The speaker is a 53-year-old White man with a grade school education from St. Ignace, Michigan; he was recorded in 1967.
|Inf: Well uh, that cribbage club has been going on possibly for about fifteen years now. At uh, is, each team is uh, eight men and, and sponsored by usually a local business man. And uh, it's, it's interesting uh, gathering due to the fact that uh every walk of life in the city is represented: uh bankers, um lawyers, um doctors, um bridge workers, highway workers, uh city employees, um, uh business people. So it's quite interesting and, and uh very good entertainment.
We play once a week, on a Friday. And uh, you pay fifty cents to play, and each evening there are two prizes. First prize of ten dollars for the high score of the evening, and a second prize of six dollars for the second high. And uh, at the end of the year, they have a banquet which is put on by the American Legion Auxiliary, which is exceptionally fine food, well-prepared. And uh, that's all included in your uh fifty cents, plus a cocktail hour, and uh and you can have anything that you wanna drink and in any amount you wanna drink.There was a word that my mother used, uh all the time, or quite often. Uh, "epizootic," when uh somebody was, oh not seriously ill, but just out of sorts, why, and if somebody would say, "What's uh, seems to be the trouble?" my mother often would say, "It's epizootic." So that I got so that I became accustomed to saying it automatically a lot of times when somebody would be, oh half-sick or not just tip-top, why s-, I would say, "Well she got that epizootic." And so my wife uh used the term "epizootic" one day referring to herself or someone else at uh the place she was employed and uh, somebody became interested and they, they looked it up, and it was in the dictionary and, and I'm quite sure that she told me that it had a some ailment uh, that was common to horses.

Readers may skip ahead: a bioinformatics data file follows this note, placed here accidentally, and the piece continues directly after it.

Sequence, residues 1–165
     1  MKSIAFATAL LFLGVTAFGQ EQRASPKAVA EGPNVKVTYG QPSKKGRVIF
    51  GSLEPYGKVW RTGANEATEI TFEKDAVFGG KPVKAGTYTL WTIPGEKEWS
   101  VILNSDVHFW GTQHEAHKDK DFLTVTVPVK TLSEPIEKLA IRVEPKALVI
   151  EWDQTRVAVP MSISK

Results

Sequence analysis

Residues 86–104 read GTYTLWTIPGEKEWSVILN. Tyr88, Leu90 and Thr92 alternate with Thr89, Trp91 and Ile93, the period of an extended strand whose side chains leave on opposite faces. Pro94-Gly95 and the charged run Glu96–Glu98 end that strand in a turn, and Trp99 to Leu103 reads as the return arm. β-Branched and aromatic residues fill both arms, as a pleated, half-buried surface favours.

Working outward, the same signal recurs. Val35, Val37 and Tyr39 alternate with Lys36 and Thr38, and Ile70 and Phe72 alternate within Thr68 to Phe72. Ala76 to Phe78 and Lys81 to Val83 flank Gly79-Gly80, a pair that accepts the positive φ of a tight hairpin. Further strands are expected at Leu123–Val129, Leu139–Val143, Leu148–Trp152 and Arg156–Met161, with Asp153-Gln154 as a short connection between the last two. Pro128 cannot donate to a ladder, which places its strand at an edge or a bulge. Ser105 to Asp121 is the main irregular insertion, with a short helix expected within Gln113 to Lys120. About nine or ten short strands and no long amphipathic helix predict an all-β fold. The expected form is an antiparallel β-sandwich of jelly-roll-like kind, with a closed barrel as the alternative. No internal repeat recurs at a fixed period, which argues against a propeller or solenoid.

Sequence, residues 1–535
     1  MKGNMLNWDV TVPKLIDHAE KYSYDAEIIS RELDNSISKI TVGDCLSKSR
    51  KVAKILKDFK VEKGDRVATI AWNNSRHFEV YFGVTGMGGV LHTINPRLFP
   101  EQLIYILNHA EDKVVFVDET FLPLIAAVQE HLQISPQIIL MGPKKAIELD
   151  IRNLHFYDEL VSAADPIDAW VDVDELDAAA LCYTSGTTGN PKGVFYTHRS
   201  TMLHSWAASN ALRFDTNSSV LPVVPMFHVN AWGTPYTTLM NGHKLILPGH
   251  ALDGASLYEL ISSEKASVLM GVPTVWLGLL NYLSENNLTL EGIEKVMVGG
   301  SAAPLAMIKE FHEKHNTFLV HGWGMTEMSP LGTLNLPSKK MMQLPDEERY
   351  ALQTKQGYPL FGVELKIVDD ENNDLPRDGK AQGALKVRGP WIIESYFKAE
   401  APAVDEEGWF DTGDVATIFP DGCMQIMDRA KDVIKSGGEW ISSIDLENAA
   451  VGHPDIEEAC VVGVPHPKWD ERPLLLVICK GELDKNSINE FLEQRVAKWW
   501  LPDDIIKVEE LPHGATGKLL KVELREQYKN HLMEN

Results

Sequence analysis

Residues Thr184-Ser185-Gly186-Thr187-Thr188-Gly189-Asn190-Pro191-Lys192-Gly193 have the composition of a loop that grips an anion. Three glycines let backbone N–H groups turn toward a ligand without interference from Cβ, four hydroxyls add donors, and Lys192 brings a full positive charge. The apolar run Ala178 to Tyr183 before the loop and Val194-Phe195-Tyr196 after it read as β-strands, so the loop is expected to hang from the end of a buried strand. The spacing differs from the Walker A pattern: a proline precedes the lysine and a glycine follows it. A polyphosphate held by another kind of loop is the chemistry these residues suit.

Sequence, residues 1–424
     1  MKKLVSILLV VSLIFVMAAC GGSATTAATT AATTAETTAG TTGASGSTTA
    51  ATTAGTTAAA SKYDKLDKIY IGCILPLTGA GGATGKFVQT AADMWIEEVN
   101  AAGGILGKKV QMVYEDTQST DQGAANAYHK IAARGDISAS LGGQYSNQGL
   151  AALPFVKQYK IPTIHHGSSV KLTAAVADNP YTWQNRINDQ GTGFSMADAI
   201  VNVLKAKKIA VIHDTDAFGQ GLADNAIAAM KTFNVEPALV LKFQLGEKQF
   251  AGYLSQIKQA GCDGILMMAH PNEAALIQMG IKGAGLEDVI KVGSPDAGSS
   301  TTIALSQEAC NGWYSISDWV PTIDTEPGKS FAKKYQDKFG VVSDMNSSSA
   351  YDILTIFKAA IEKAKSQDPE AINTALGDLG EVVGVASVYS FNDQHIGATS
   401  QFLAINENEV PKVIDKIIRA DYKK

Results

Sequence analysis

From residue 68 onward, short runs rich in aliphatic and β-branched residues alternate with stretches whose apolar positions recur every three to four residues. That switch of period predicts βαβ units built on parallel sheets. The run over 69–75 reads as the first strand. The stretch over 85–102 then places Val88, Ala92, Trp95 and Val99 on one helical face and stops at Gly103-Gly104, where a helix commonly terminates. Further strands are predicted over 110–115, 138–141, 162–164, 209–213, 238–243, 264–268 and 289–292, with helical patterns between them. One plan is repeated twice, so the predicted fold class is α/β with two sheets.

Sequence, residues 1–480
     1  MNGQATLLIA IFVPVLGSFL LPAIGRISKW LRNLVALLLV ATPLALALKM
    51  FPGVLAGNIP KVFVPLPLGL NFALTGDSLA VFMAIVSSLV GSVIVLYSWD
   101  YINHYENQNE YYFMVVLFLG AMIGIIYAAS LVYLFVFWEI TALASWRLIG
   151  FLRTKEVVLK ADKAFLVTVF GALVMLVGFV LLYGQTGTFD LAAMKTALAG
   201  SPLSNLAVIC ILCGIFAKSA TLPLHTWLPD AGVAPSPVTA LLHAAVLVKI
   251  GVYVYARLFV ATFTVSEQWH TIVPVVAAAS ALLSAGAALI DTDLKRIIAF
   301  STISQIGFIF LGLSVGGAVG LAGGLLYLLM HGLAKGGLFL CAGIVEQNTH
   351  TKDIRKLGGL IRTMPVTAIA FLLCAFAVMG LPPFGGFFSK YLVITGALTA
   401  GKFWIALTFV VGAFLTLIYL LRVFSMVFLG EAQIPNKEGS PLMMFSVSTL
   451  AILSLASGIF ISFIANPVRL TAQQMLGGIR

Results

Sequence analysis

The speaker is a 63-year-old White man with a grade school education from Moran, Michigan; he was recorded in 1967.
|Inf: Hi, folks! This is an old lumberman. I used to love to see the snow come, so I could go back in the woods. I used to like to cut the logs, watch the trees fall, and we'd drag 'em out to the skidways. And that's where our fun begin. So, we take 'em to the mill. We had logs over here that uh, we could get uh, on it, a twelve-inch board, and possibly uh, uh, fourteen-inch boards out of a tree, right through the center of the log. And I've hauled a lot of 'em to the mill. A mill that cut the logs was, was named by Quayville, the Quay brothers.
FW: What kinda jobs have you done in the woods?Inf: Everything under, that you can name, skidded, I hauled, I cut, I top-loaded, and I also decked out here at Moran at Quayville's mill.
FW: What does that mean, decking?Inf: Piling the logs up on a pile. And it was nothing to have uh, oh I'd say uh, seventy-five to ninety feet skidways, uh high, I mean. A man that doesn't look up there on the skidway, uh, between uh six and seven, well, five foot. He looked awful small way up on top of the skidway. If the wind was blowing, if he'd tell you to "Go ahead" with a, it was, "Bring that log up," you'd have to listen terribly to, to know what he was meaning.